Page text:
No tapeworms!

Your horse acts as a host for many internal parasites, including fly larvae (bots), roundworm and tapeworm
Issue date 24 August 2007

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Your horse acts as a host for many internal parasites, including fly larvae (bots), roundworm and tapeworm. Until now, vets thought that the equine tapeworm did not cause disease in horses. However, recent research has shown that this is not so, and it is essential to eliminate tapeworm. T here are three tapeworm species that infect horses: Anoplocephala perfoliata, Anoplocephala magna and Anoplocephala mamillana. It is estimated that 69% of horses are infected, with A. perfoliata being the most common.

In the past, tapeworms could only be reliably diagnosed if they were seen in surgery or in a post mortem. They are also detected by the presence of small eggs in the faeces. A blood test known as Enzyme Multiplied Immunoassay Technique is available in the UK. R esearch shows a very definite link between high levels of tapeworm infestation and certain types of colic. The reason is the site at which the tapeworm attaches. first area is where the large and small intestine narrow naturally and the presence of the worms reduces this gap even further. second site is on the intestine wall at the spot where a “pacemaker” controls normal gut contractions which propel the food down the intestine. large number of tapeworm attachments causes inflammation and ultimately affects the pacemaker, causing gut contractions to become uncoordinated.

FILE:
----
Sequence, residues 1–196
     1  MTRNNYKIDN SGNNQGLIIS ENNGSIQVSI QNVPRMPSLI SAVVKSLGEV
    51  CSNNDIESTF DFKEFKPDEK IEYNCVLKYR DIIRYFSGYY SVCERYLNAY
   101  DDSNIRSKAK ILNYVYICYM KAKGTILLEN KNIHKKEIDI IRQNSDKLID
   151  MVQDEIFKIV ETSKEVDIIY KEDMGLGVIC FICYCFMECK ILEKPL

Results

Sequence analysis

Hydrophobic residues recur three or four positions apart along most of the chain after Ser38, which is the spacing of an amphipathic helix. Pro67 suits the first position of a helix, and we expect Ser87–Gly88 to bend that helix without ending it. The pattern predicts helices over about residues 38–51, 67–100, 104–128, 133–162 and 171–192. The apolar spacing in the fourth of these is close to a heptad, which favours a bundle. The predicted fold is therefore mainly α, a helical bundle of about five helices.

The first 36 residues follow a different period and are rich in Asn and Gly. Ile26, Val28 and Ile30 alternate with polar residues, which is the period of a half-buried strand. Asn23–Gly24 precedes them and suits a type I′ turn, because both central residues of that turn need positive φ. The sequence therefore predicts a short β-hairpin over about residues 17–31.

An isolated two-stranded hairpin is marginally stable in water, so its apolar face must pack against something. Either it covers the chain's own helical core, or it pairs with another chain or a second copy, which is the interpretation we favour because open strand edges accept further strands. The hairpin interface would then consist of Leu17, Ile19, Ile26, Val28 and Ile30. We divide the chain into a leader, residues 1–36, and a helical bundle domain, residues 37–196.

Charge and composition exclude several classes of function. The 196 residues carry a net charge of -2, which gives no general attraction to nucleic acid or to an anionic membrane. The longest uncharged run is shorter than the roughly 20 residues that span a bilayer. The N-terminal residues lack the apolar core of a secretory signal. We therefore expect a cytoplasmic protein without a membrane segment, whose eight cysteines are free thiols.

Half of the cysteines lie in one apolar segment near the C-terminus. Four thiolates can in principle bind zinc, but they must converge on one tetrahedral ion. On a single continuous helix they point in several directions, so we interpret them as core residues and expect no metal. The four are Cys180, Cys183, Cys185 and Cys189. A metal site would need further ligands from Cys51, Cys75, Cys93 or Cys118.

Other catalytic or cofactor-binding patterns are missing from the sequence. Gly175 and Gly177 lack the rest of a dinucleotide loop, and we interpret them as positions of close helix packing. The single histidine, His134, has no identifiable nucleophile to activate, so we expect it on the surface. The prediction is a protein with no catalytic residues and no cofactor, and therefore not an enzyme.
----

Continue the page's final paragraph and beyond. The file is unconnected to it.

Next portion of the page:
The risk of disease is related to the degree of infestation, treatment should focus on high loads in susceptible animals. reatment of tapeworms is difficult, but deworming products containing Praziquantel do help. Deworming every six months gives effective control of all three tapeworm species. here are a number of herbs that kill worms in the gut, such as tansy, rue, wormwood, aloe and male fern.

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Every two months, make a strong infusion of these five herbs and squirt it down your horse’s throat every evening for 10 days. Do not give rue, aloe or wormwood to pregnant mares, as they are muscle stimulants. You can give pregnant mares garlic up to a month before foaling and recommence a month after foaling, to avoid tainting the milk. he best time to deworm is said to be close to full moon. French folklore has it that this is when the worms are on the move – a belief shared by many organic farmers. – Kim Dyson (082 888 6511). |fw